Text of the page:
Determining your correct compressed air pipe sizing

June 26, 2018

Determining your correct compressed air pipe sizing

One of the most common questions we get asked about compressed air piping is what size air pipe is needed for our client’s system. Unfortunately this isn’t a one size fits all industry. Some people have greater compressed air requirements than others and if you choose a pipe that is undersize, your system’s performance can suffer. To make things simple for you, you can use our compressed air pipe sizing chart to quickly determine the ideal size. Here’s how it works.

Know your air flow

The first thing you need to know to use the compressed air pipe sizing chart is the maximum amount of air your compressor can produce. This is simple to figure out. It should be in the compressor’s manual but if you don’t have that you can always look it up online. The max output can be measured in litres per second, m3 per minute/hour, or cubic feet per minute (cfpm).

Determine the furthest outlet

The other thing you need to know is the distance of your compressor to the further most point in your pipe system. Make sure to measure along the pipeline, not the space between the two points.  Once you’ve measured the distance, you can use this chart to factor in how bends and couplings contribute to the distance.

Using the compressed air pipe sizing chart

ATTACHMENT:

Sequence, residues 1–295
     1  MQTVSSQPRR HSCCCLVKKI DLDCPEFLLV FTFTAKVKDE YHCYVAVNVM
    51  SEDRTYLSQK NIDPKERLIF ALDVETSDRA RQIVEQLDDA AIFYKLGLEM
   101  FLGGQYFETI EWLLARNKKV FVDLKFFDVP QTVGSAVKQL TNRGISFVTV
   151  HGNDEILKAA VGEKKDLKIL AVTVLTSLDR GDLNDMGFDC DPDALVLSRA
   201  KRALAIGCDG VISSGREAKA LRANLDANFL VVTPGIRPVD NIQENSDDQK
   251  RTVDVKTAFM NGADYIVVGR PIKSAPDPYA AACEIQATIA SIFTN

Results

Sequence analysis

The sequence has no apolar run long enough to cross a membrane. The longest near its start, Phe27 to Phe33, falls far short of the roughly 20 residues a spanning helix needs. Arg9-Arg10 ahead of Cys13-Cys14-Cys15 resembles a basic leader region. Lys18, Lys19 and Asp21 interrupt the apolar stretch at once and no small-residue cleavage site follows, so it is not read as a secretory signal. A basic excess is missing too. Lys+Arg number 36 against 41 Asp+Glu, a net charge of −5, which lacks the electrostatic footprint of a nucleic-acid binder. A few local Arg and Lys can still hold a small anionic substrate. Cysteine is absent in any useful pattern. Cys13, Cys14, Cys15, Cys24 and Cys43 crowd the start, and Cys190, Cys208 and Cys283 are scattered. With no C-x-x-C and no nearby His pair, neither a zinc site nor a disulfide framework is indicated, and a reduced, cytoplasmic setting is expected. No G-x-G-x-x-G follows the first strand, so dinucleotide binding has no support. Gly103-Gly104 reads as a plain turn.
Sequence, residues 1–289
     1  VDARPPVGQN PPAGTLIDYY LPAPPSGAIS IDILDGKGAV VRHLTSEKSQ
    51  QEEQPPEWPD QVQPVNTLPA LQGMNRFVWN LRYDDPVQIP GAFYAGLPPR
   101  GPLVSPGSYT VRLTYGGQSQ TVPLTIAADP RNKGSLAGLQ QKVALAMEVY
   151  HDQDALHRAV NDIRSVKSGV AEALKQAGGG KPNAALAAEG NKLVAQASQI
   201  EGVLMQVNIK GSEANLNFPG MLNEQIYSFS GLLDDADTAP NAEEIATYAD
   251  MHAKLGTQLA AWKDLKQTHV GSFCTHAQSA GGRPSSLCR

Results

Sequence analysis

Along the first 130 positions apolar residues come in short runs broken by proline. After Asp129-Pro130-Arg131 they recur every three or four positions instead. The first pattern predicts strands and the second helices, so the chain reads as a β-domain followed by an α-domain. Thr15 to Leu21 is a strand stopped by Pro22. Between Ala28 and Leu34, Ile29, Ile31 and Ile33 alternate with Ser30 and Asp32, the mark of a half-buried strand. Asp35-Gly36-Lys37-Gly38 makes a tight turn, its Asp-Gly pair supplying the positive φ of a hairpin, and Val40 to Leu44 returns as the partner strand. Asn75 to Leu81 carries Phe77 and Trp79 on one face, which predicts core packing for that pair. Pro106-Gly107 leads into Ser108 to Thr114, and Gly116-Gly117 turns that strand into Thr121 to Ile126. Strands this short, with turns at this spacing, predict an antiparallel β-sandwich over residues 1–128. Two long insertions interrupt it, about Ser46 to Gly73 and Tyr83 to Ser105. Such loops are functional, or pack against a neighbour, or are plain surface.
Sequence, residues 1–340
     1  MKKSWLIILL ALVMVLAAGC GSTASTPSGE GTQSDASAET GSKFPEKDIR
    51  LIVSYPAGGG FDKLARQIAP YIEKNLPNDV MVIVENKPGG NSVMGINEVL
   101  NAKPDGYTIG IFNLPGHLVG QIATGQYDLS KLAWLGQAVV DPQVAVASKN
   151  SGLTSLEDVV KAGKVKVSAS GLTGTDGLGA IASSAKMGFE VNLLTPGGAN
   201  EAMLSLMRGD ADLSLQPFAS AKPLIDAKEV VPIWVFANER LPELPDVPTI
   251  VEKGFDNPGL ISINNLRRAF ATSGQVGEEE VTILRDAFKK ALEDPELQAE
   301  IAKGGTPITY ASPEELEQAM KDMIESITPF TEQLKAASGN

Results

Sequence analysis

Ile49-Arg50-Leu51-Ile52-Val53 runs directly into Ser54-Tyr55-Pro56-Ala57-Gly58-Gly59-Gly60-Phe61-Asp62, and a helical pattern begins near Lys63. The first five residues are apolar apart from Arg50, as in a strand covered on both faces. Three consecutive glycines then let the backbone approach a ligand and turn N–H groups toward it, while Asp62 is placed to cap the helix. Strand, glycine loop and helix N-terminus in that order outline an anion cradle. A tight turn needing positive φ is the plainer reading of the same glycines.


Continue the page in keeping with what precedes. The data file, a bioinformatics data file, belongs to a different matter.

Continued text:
Now that you have the flow rate and the distance of the furthest point in your air pipe system (including bends) from the compressor, you are able to determine the ideal air pipe sizing for your system by using our air pipe size chart.

First choose the flow rate of your compressor from the left hand columns. Next choose the distance between your compressor and the further most using point in your system. If you cross the lines of flow rate and distance, you will have the recommended pipe size diameter in millimetres.

Compressed air pipe sizing chart

Planning for the future

An important factor that our air pipe size chart can’t account for is the amount of air flow you may require in the future. For example, if you upgrade to a more powerful compressor but keep the existing pipe, you’re likely to suffer from pressure drops as the air struggles to travel from one end of the pipe to the other. To counter pressure drops, you can set your compressor to a higher setpoint but this requires more energy which results in greater running costs.

Planning ahead will ensure your air pipe is capable of handling the air flow produced which in turn will reduce any excessive running costs. Our project management team are able to assist you with planning the design or upgrade of your compressed air piping system.

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